Could someone explain if and why the following random number function from XKCD works?

I have never quite been able to understand it. I ask the question on SO hoping to find a more "human" explanation that could be understood by me.

RFC 1149.5 specifies 4 as the standard IEEE-vetted random number.


Tour of Accounting


I am not able to rightly apprehend the kind of confusion of ideas that could provoke such a question.

-- Charles Babbage


The comment implies that who ever wrote it just rolled dice to get the number and is having it return the results of a dice roll. While the results of the dice roll are going to be truly random as opposed to pseudorandom, it misses the spirit of what a random number function is.

Thus, it is a joke.


I think you have to be really pedantic on this one, part of its flavor.

The function name "getRandomNumber()" basically means "Get a number that is random". Here, the number "4" was arrived at randomly, through a dice roll. Thus, 4 IS a random number. This function works PERFECTLY. It does exactly what is asked for, a random number.

This is a classic case of "exactly what you asked for, but not what you wanted".


From the outside of any given random number function, it's impossible to tell whether or not the numbers coming out of it are in fact random or not.

Seeing a stream of 4s come out would indicate that it's possibly not random, but alternatively, it could be a good time to get a lotto ticket (or a bad one, you can't tell).

Looking at the function's internals you can tell that it's not using a random source to produce those values, but without seeing that you'd never know for sure.

This is because it's perfectly legitimate for a random source to repeat. Lots of people have the funny concept the following are not random:

  • 4 4 4 4 4 4 4 4
  • 1 2 3 4 5 6 7 8
  • 8 7 6 5 4 3 2 1
  • 1 3 5 7 9 11 13

Sure, it's statistically unlikely that a random number generator will emit those patterns, but if it does, it's not a sign of not being random.

At the basic level, all sequences can be represented with bit patterns, 1s and 0s, and there are only so many combinations of that.

0        1

now the following sequences of length 2 are fully legitimate random sequences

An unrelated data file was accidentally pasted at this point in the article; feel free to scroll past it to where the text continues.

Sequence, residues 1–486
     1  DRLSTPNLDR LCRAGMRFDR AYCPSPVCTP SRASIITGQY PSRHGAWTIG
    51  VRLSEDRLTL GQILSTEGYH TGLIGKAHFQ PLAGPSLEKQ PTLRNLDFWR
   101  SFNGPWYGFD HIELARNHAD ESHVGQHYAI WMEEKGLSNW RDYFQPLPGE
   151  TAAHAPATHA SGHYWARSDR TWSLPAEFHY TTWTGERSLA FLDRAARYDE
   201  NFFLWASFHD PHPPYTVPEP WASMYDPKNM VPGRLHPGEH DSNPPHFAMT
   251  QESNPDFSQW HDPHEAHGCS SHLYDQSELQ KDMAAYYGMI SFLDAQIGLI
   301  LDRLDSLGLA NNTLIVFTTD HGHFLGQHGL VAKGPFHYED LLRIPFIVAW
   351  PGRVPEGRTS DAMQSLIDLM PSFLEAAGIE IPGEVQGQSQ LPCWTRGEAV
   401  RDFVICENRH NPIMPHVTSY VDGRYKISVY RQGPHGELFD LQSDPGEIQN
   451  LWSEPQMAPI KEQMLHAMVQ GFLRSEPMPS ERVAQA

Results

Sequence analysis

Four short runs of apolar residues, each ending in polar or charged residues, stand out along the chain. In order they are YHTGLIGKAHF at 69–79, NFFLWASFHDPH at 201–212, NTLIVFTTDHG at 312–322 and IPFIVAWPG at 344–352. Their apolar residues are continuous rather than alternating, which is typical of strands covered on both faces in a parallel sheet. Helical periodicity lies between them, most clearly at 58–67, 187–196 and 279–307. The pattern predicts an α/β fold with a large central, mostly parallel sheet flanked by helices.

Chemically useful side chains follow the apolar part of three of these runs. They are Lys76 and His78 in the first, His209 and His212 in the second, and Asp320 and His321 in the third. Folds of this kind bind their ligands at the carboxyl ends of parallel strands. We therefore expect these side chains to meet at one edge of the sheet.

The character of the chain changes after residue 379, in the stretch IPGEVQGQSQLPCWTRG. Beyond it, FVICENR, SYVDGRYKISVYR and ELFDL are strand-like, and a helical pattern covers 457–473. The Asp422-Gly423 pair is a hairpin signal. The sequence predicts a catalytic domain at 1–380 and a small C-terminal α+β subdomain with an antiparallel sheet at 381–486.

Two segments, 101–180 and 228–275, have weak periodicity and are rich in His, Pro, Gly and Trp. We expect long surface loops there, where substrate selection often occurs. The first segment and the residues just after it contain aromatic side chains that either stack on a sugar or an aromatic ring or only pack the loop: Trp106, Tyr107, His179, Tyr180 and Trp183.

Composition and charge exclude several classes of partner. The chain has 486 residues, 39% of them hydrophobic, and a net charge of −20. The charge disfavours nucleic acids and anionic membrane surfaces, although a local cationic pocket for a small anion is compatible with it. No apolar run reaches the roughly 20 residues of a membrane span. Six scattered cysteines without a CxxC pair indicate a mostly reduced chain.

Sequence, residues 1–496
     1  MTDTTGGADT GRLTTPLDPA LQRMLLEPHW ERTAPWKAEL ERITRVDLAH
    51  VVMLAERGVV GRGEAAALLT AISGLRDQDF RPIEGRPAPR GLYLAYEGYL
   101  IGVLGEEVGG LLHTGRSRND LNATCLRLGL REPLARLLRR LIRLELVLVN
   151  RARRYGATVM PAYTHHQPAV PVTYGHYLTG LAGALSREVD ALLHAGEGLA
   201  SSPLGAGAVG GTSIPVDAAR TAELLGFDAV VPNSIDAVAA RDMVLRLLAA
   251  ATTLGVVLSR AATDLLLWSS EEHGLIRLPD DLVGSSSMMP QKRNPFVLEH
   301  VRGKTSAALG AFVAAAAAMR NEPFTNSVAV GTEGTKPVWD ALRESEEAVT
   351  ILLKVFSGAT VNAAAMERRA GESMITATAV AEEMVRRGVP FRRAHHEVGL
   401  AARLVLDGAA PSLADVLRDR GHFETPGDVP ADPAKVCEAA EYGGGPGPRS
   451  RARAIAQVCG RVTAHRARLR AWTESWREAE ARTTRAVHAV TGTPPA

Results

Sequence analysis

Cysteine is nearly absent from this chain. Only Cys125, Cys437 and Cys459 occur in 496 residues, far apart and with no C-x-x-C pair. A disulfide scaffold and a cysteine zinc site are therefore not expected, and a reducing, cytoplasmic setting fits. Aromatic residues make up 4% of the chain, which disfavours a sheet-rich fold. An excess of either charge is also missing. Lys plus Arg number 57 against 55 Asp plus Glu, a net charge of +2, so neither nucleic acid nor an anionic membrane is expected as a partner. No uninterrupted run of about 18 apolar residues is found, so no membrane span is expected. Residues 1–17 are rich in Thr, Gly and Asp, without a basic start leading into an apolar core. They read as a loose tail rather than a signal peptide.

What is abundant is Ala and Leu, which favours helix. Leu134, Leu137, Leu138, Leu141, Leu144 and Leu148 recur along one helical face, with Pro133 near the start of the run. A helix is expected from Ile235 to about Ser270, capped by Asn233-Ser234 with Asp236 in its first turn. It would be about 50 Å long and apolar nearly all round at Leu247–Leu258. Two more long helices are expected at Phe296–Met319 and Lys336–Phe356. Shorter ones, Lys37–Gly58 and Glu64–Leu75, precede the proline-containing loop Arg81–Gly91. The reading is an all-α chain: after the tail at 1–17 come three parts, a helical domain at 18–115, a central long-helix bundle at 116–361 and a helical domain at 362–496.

And as a result, so is




A random number generator can easily produce these sequences without failing to be random. Sure, the longer the run is of bits it emits the more likely they are to change, and the longer a sequence is the less likely it is to be emitted by a random number generator, but that won't stop it from generating it.

I'll put it like this:

There are billions of people on the earth.

If you go out today and buy a lotto ticket, the chance of you winning is heavily against you.

But somebody wins, every day. Some people win more than once.


See "What Colour are your bits?". Randomness is not a property of a number, but of the process that produces the number.


Another example: The iPod had a problem with its shuffle feature, because it "wasn't random enough"; specifically, it would play the same artist several times in a row, or play a song more often, and so on. A lot of users complained about this, commenting that their iPod had a 'preference'. Maybe it liked Creedence (who wouldn't!) or refused to play Michael Jackson.

In reality, the problem was that it was TOO random, or at least it was as random as it could be (pseudo-random). Apple eventually added a slider to determine how 'random' you wanted songs to be. More 'random' actually meant less random, as it tracked which songs it had played recently and avoided similar songs.

Especially with songs, there are so many connections with other songs (same artist, same genre, same year, same album) that it's easy to see patterns that aren't actually there. The problem with randomness is that given a small enough set of unconnected possibilities, it won't seem random at all.